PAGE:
Bern cancels Swedish fighter-jet air show

The Local/AFP
The Local/AFP - [email protected]
Bern cancels Swedish fighter-jet air show
Photo: Jamie Hunter/Saab AB

The Swiss government's eagerness to avoid graft accusations could explain why Switzerland cancelled plans for Swedish fighter jets to take part in an air show, reports from Stockholm said on Tuesday.


Saab's Gripen planes were set for the show on the weekend to mark the Alpine World Cup Final at the Lenzerheide mountain resort in the canton Graubünden.

But sources told Sveriges Radio (SR) that the Swedish participation was cancelled because the Swiss government did not want to be accused of trying to sway public opinion in favour of the Jas Gripen.

The government is facing a citizens-initiative referendum that will have final say over whether the country should buy 22 of the Swedish combat jets.

Saab headquarters in Sweden told SR that the company was not engaging in any marketing activities in Switzerland whatsoever ahead of the plebiscite, which is scheduled for May.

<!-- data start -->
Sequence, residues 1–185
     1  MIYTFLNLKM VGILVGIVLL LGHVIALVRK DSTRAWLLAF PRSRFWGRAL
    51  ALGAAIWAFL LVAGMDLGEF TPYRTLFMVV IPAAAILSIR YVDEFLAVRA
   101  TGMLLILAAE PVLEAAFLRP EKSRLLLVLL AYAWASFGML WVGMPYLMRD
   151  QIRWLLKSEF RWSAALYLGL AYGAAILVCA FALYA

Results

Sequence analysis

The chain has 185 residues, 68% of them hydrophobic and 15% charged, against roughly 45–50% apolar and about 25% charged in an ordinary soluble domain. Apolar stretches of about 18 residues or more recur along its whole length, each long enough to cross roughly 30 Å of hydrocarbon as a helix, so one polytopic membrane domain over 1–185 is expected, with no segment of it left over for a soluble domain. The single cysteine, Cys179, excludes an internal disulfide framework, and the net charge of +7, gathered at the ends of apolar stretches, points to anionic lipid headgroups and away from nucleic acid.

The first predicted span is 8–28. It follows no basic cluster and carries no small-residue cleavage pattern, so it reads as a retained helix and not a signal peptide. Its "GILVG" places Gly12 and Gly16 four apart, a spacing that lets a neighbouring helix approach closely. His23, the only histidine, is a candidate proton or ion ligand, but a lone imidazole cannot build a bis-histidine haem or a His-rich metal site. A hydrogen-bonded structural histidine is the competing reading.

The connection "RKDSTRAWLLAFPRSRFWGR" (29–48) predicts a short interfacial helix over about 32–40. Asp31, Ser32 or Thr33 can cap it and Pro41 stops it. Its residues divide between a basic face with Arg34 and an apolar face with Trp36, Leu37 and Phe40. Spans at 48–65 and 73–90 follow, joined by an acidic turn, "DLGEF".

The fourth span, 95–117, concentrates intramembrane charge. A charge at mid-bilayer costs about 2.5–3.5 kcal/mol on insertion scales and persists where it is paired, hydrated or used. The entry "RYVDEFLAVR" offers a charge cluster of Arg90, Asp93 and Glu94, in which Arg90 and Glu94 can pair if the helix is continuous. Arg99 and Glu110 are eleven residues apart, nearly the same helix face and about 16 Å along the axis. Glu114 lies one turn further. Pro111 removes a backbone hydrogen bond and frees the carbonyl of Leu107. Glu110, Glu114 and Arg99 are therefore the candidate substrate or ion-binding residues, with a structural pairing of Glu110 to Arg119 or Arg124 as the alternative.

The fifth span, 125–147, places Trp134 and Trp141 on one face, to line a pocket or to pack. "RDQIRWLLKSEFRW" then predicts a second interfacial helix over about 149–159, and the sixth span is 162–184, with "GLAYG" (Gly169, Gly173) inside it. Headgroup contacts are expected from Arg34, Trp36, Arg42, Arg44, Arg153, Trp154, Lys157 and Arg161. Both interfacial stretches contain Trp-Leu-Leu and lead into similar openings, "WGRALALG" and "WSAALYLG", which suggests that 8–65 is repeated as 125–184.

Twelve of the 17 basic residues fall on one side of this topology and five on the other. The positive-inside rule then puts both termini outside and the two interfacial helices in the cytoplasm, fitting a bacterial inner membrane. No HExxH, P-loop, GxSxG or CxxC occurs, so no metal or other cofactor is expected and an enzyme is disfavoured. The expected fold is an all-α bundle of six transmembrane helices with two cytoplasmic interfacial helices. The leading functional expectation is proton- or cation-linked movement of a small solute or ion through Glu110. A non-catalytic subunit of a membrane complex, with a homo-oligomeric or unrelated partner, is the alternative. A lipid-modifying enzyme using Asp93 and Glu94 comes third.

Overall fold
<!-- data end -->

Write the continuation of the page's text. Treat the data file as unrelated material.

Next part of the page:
The military equipment makers did, however, partake in an industry conference in February to demonstrate the Jas Gripen, and to illustrate what a reciprocal deal between the country and the Swedish company could entail for both parties, SR reported.

"We showed what we intend to build together with Swiss industry, and we had a Gripen model aeroplane to show what parts will be made in Switzerland," Saab spokesman Sebastian Carlsson said.  

Swiss opinion polls show that a majority of voters oppose plans to buy the Swedish fighters, which would cost the Alpine country $3.47 billion.

Approved by the government in 2011 and backed by parliament last September, the military deal cannot be blocked as such.

However, under Switzerland's rules, opponents can contest the law on funding the purchase, by depleting the military budget over the next decade.

The coalition campaigning against the deal is steered by the left-leaning Socialists and Greens, plus anti-militarists who last year lost in a referendum in which voters bucked a European trend and kept their conscription army.  

But the Gripen's adversaries also include economic liberals opposed to the price tag.

A version of this article originally appeared at The Local Sweden. 


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